During the wee hours it would be typical to find them raiding the refrigerator, fixing themselves a cup of tea and a snack, working on a book, studying, listening to radio talk shows or music, or wanting me to sit and talk with them. At times I'd find several of them together having a group discussion, either in one of their rooms, or even right in the middle of the hall. Many times I sat at 2:00 or 3:00 in the morning hearing a story of various family problems, an elderly lady dealing with missing her late husband, a loss of a home, or sit next to the bed of one in chronic pain, and hoping the meds that were given would start to relieve the suffering; prayer was always in the prescription also.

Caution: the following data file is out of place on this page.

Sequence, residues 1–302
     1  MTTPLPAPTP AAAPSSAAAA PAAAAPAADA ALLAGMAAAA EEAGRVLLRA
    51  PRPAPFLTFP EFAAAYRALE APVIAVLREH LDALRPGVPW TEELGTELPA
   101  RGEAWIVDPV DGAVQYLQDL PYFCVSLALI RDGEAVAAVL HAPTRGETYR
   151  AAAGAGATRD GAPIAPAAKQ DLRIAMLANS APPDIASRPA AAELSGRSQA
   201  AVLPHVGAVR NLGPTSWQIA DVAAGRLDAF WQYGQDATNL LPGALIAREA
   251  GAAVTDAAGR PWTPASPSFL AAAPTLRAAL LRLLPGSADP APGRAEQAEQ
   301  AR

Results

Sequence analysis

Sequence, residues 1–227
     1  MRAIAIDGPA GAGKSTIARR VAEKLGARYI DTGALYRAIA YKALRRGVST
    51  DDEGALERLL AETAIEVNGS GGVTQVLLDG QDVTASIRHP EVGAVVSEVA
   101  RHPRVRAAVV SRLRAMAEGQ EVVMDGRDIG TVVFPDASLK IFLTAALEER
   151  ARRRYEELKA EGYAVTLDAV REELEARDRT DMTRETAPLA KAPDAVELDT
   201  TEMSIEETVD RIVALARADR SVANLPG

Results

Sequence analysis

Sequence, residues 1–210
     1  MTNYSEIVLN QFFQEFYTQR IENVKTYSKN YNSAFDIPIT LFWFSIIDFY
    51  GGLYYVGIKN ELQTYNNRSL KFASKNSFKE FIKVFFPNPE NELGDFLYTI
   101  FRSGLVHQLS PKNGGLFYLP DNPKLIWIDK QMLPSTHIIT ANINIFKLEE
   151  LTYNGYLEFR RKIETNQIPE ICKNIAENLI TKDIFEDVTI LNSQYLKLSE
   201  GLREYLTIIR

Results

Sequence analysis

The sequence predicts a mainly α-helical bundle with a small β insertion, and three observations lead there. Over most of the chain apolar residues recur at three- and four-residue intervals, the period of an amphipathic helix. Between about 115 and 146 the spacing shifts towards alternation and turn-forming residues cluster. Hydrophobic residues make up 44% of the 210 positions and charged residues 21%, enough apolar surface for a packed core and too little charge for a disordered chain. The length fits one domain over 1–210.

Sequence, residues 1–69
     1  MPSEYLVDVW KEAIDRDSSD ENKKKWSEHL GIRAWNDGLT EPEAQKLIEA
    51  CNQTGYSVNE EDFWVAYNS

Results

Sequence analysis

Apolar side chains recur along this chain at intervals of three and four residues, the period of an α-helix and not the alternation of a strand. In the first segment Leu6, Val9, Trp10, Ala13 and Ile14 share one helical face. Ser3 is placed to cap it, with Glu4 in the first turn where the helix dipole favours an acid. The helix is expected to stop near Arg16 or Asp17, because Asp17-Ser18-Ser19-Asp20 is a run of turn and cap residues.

If you are caring for a loved one who has developed problems sleeping at night, it is not uncommon. You may be able to find ways to help them get a full nights rest bey offering a sleeping aid prescribed by their doctor, a hot cup of tea and a snack before they retire, a radio playing by their bedside, or something to read that interests them. But, if they continue with the trend of sleeplessness, you may have to accept it, and do the best you can. I took care of my mother for over 10 years and she also tended to be awake many nights. If I was home on my nights off, and heard her up and rustling about in her room, sometimes I'd get up too, and we'd talk for a while. After a short time, it sometimes worked to help her get back to bed. If not, I just learned that her knowing I was there, and cared for her brought a lot of peace to her. That's what good care giving is all about.